I believe there are two essential things that God blesses within the local church. In all reality, there are more, but these two in the life of pastor or staff leader can make a massive difference. What are they? The personal development of the church leader and, in turn, their development of new leaders within the church. I do believe this is the Biblical model that God gives us within the local church. Let me explain.
Someone once said, “Everything rises and falls on leadership.” I do believe that is true. But I believe if you back up even before that, we could say it this way: Everything rises and falls on the personal development of the leader. Immediately, when I say that, your mind may turn to sanctification. I define sanctification within our church like this – “It is the lifelong process of becoming more like Jesus.” If your mind went there right away, you would be correct. The personal, spiritual development of the leader can never be underestimated. Without a consistent growth in likeness to Christ, we are all toast! We’ve seen countless examples of when church leaders fail to continue to grow in sanctification.
I want to challenge you towards sanctification and I also want to simply challenge you in your own personal development as a leader. If there’s one thing that is true across every church in our convention, it’s that our churches all have leaders in them. Some are leaders in their business, others within the local school system, and so on throughout the different avenues of life. What all of this means is that they lead people every day and are used to being in circumstances where great leadership is being demonstrated. Why should they expect anything less at church? Why should they expect anything less from their spiritual leaders?
It is often these types of things that get church leaders in the ditch. Rarely does a pastor get fired because of a drift in theology. That does happen, but I would suggest it’s not the norm. What is way more prevalent is that church leaders get themselves in trouble when they fail to do the other aspects of ministry. These are the things that sometimes don’t come naturally or don’t fall in line with our passions. But they’re still critically important. These can be things like organization, planning ahead, leading a meeting effectively, and doing relationships well.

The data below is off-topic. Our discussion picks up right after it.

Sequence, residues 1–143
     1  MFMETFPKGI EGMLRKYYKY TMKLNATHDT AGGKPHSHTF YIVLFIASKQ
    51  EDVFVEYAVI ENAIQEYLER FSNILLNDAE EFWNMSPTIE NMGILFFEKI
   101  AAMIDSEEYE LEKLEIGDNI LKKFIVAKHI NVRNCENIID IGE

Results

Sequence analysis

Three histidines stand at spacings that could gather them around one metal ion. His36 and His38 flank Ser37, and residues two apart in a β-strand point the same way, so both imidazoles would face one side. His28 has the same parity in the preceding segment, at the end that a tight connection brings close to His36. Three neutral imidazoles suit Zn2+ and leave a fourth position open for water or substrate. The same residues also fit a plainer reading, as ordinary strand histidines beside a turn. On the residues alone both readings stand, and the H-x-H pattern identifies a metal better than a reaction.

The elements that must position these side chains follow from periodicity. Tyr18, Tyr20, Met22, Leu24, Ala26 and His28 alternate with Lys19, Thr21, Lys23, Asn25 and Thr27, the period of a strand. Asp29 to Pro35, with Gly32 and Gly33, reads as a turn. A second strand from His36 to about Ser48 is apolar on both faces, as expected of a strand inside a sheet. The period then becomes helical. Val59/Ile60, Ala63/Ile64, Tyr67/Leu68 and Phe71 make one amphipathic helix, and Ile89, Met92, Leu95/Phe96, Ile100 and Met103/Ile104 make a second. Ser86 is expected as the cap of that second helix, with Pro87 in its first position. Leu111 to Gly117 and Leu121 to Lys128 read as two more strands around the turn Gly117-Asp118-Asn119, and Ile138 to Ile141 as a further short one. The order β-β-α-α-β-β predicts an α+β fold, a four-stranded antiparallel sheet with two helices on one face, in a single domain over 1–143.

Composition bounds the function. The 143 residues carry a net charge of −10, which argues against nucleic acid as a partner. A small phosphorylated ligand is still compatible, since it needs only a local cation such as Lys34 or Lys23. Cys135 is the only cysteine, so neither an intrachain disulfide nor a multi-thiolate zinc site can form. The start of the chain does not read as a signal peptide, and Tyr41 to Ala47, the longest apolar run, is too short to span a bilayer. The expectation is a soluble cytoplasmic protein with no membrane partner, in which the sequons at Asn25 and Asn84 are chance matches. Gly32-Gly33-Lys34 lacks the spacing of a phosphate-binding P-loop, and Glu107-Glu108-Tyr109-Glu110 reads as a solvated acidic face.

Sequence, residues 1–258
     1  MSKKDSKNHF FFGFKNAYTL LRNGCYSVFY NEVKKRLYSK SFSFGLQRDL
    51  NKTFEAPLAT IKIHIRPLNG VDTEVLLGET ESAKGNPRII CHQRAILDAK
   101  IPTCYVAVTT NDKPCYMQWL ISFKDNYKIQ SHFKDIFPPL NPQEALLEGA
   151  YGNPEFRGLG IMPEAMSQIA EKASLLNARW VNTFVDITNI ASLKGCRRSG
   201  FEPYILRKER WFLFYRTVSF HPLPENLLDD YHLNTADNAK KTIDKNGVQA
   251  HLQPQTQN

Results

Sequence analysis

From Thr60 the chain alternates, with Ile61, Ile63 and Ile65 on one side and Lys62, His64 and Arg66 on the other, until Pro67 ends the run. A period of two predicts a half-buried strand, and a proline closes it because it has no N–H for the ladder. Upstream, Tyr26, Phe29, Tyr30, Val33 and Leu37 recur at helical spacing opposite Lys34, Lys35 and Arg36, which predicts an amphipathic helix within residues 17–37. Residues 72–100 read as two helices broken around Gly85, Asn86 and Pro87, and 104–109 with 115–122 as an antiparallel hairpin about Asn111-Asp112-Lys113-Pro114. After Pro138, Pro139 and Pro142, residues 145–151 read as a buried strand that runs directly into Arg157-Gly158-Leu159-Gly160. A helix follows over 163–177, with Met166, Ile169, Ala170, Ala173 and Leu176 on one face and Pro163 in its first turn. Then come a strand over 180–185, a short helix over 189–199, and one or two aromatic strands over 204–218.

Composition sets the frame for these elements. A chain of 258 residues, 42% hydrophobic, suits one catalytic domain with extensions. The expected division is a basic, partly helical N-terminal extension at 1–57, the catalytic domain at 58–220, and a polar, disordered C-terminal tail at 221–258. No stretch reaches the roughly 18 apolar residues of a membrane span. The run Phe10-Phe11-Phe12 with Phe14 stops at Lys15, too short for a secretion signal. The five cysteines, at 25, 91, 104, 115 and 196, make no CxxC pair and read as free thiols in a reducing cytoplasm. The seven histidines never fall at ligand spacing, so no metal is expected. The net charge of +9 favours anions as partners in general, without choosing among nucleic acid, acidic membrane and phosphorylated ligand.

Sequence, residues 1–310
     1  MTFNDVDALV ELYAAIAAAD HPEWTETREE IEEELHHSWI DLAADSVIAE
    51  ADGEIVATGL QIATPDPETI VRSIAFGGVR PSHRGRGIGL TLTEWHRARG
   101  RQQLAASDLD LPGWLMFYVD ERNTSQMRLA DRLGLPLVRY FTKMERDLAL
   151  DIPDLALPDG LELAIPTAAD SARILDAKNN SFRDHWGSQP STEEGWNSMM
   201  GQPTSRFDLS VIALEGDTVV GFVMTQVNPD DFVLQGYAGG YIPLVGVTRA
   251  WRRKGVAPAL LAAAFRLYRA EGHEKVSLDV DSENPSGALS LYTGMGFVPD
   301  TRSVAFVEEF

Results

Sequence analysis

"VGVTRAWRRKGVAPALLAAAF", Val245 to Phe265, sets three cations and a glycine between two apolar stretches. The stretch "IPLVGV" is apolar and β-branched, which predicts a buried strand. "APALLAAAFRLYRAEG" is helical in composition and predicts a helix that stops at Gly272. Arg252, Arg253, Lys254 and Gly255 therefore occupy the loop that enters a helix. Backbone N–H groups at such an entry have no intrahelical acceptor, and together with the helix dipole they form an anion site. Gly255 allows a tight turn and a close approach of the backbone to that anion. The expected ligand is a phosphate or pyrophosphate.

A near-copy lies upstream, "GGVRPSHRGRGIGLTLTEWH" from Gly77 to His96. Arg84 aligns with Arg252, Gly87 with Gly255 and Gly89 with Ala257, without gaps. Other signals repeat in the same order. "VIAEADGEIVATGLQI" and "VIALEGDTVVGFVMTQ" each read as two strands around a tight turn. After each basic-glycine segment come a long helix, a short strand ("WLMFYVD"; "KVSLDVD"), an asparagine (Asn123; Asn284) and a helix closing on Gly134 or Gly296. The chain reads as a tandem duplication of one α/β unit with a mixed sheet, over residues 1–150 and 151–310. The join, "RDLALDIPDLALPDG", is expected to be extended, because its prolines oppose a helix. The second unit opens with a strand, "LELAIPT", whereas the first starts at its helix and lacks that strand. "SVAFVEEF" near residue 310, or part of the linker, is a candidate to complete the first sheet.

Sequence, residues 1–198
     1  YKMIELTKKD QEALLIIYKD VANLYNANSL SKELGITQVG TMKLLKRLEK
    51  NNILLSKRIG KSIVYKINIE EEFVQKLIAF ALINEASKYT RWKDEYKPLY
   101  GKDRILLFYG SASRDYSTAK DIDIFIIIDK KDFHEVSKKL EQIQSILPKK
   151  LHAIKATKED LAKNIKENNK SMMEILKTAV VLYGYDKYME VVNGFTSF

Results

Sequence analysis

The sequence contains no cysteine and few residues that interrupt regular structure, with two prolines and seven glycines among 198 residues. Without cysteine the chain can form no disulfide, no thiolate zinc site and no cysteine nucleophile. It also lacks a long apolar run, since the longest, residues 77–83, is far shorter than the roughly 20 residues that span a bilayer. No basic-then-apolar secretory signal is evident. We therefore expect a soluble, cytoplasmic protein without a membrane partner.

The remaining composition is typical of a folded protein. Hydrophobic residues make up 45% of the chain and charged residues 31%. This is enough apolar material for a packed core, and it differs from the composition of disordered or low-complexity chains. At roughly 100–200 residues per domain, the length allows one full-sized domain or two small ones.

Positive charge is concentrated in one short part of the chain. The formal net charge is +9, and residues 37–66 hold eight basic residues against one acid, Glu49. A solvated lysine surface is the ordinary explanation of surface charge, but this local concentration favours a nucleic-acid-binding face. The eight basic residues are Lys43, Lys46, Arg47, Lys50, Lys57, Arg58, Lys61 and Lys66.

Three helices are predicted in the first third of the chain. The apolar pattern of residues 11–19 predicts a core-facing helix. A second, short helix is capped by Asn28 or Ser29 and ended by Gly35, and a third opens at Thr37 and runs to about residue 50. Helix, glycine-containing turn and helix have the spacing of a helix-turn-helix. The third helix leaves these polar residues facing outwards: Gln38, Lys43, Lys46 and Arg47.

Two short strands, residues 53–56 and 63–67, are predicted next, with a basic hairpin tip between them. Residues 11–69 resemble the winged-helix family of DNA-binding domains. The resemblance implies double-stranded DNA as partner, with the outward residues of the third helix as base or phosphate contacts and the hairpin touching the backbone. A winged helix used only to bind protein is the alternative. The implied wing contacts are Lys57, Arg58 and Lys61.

If some of these or other leadership characteristics don’t come naturally, who can you reach out to for help? How can you grow? I have found that most great leaders are extremely curious and coachable. I recently read a book on the New England Patriots and their dynasty throughout their Super Bowl years. The author told a story about Hall of Famer Randy Moss and his first team meeting with the Patriots. Coach Bill Belichik showed the team every negative play from the previous season’s last loss, all the while ripping the greatest quarterback of all time Tom Brady in front of the entire team. As Moss looked on, he noted how Tom Brady sat on the front row with pen and paper taking notes while his coach berated him in front of the team. Moss turned to another newcomer and asked, “What have we gotten ourselves into?”
Why do I tell that story? The greatest quarterback of all time who is also considered to be a masterful leader sat there and took coaching. He didn’t walk out, get his feelings hurt, or complain. He actually took notes.
What’s the message for us as church leaders? God has given all of us countless resources for us to grow as pastors and leaders. There are books, conferences, podcasts, and more. Some of the greatest resources that God has ever given us will be the people in the pew. There are great leaders in your church who are able and willing to help carry the burden of church leadership. There are also great leaders in your church who can teach you lessons and principles that are better than any book you’ll ever read or any conference you’ll ever attend.
This brings us to our second essential action that God blesses and this one will be much shorter. God blesses the church whose leaders have sold out to the Ephesians 4 call to “equip the saints for the work of ministry.” When you put a priority on your own development as a church leader, the Ephesians 4 equipping naturally flows into the church. It’s hard to be an equipper if you’re not equipping yourself. It’s hard to pour out when you’re not pouring in. It’s hard to lead others if you’re not leading yourself.
I want to be a part of a church and ministry that God is blessing. I think when the leader is growing in likeness to Jesus and developing personally as a leader, everybody else in the church wins. When those things become the focus of the leader, other people in the church become developed in their own likeness to Jesus and minister in their own context. May we be men and women of God who commit to our own development and the development of the people within our church!